The 40 Year Old Bat Mitzvah

The Good Guys

Posted in Uncategorized by Juliet on July 10, 2012

It’s summer vacation and Eva is off at Camp Ramah, which means Jane has long stretches of free time to water color, jump rope, play with her dolls, and just putter around her room.

The other day she was puttering around her room while I puttered around mine. I heard her pick up some books and start reading. She is at that phase of reading where punctuation is pretty much disregarded.

“Marley ran fast down the street were they going to catch him he kept running oh no it is a bakery marley knocked over a tray of cupcakes the baker was covered in flour.”

For example.

Once in awhile I’d hear her struggling with a word and mostly I’d just let her figure it out on her own through context or sometimes toss out a suggestion.

When she started reading “My First Passover Board Book,” there were some words that don’t sound out super easily.

Pharaoh. Egypt. Plagues.

The story of the Exodus is pretty interesting when you ponder it at its most elemental level, as words read all in a row, without aid of punctuation.

Then she stopped cold. Silence, then footsteps into my room, where I was hand washing our swim suits in the sink and hanging them up to dry.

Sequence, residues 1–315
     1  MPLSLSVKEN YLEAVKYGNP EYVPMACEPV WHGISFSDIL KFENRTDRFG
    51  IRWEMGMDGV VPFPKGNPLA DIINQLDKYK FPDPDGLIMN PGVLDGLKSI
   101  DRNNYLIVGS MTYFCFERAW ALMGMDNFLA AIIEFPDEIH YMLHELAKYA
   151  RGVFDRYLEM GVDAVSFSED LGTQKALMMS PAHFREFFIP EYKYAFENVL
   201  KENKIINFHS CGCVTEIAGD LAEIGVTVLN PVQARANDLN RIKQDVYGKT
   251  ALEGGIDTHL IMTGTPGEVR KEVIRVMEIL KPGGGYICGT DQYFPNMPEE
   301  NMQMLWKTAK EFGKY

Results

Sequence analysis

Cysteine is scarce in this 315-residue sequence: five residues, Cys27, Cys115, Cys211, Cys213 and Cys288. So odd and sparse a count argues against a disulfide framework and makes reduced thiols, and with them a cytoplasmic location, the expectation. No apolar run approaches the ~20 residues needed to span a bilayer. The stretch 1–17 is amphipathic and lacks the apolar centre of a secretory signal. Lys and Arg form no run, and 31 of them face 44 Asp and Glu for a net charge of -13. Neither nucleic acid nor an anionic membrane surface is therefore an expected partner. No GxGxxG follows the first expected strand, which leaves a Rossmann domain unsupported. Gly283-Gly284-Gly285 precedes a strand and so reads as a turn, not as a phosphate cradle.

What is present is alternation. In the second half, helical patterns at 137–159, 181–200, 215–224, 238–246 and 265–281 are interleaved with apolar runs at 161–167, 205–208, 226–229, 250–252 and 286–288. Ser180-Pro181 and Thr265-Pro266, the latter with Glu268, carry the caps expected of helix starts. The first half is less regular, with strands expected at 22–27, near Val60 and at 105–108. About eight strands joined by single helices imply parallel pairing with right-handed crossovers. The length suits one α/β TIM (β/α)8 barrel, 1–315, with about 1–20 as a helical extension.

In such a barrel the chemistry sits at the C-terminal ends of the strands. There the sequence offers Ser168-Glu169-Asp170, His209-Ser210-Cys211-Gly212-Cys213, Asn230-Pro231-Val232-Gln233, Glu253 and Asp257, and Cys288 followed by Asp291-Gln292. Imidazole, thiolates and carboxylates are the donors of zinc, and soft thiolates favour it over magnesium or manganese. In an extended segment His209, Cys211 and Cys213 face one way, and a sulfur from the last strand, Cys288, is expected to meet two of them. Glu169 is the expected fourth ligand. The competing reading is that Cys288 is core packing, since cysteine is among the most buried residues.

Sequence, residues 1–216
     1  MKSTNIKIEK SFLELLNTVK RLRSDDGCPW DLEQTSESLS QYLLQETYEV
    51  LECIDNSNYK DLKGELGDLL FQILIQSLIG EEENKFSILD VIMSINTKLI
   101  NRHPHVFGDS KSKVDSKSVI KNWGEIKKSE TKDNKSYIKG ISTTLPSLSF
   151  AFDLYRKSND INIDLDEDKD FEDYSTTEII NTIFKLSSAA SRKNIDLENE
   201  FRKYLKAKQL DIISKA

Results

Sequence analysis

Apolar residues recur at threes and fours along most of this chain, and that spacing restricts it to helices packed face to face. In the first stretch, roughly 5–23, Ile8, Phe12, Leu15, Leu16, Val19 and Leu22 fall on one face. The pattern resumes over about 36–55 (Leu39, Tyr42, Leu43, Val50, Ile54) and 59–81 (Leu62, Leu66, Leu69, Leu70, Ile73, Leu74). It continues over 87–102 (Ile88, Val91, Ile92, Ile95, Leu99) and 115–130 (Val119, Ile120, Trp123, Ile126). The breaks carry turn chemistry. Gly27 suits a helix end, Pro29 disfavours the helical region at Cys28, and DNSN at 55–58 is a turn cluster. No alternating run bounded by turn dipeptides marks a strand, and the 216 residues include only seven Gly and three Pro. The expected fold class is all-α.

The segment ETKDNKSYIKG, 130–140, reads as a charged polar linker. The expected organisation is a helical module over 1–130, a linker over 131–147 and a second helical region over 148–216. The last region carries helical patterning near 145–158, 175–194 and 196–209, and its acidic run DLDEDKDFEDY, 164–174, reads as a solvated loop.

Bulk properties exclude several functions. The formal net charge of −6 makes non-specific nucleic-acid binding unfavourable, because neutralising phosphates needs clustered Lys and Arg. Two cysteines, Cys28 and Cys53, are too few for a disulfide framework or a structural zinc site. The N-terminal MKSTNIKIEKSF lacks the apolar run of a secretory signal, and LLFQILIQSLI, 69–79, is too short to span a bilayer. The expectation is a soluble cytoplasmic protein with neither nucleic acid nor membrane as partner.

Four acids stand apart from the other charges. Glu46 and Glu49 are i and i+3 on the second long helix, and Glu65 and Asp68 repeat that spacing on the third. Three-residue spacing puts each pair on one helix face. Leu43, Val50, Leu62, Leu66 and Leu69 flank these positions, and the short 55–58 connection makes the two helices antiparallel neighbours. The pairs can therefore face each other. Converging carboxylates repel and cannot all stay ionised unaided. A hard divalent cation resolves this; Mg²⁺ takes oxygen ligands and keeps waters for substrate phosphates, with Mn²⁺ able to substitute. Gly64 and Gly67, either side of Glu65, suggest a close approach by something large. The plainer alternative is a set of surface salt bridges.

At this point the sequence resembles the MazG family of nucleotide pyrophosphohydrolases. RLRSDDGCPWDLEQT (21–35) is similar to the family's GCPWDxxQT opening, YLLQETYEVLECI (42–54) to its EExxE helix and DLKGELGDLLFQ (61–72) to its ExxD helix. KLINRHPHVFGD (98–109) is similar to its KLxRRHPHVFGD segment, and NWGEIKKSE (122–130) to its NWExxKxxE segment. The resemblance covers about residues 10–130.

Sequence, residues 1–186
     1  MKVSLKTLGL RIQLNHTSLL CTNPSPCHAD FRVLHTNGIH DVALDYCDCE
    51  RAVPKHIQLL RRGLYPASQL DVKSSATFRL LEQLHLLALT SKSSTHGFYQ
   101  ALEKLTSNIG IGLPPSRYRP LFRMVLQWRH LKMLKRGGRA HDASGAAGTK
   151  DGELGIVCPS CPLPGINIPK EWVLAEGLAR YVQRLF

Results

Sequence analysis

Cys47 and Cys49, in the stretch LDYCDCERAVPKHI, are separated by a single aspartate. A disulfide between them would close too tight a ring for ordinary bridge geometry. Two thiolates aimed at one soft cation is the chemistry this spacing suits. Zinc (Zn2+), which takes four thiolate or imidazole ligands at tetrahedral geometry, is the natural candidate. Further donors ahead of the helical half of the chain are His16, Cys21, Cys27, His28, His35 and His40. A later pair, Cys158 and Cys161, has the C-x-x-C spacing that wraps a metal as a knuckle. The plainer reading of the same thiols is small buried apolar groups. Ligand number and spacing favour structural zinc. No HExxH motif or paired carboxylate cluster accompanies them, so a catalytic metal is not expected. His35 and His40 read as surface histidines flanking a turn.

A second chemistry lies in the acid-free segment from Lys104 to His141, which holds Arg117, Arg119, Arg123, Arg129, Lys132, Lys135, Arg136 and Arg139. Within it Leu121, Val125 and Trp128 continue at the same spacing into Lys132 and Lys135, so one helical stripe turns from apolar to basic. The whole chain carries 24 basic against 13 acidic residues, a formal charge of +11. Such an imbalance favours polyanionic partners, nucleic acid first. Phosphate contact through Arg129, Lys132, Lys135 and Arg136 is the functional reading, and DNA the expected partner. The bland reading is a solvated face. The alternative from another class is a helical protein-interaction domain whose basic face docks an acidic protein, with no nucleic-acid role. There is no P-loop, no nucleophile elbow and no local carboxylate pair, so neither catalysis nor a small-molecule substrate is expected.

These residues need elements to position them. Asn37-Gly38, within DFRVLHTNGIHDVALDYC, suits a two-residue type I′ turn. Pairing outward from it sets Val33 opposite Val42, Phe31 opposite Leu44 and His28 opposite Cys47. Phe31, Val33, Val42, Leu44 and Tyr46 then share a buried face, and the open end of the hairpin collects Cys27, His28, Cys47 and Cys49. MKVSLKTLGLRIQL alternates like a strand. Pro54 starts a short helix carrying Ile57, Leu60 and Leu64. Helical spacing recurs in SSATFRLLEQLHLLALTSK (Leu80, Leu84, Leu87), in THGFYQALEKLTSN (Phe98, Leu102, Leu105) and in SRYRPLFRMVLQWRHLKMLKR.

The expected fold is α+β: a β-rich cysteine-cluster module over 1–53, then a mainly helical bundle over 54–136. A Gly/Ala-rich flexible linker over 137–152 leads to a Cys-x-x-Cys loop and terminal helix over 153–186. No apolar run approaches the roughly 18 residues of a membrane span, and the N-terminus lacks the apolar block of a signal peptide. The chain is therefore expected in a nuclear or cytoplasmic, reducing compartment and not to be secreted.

“Mom, what does D-E-A-T-H spell?”

“Death.”

“Death? Like die?”

“Yes, death. Death of the firstborn was the last of the plagues, and of course the worst.”

She looked at me, looked down at the book in her hand, then stared off into space for a minute.

Then she said, in the tone of voice of someone who is being told a long and complicated story and wants to keep all the players straight in her mind, “But God’s good, right?”

And I knew what she was thinking. It’s what we all think at least a little bit as we act out the Exodus at the seder table each year during Passover: God is good, right? How is a “good God” also a God who kills? Aren’t the Egyptians “his children” too?

She scampered back and moved on to Barbies, but it definitely got me thinking about the complicated dance we do when we try to explain the nuances of morality to our children. How do we teach it as a code of conduct to our kids when we don’t even half understand this stuff ourselves?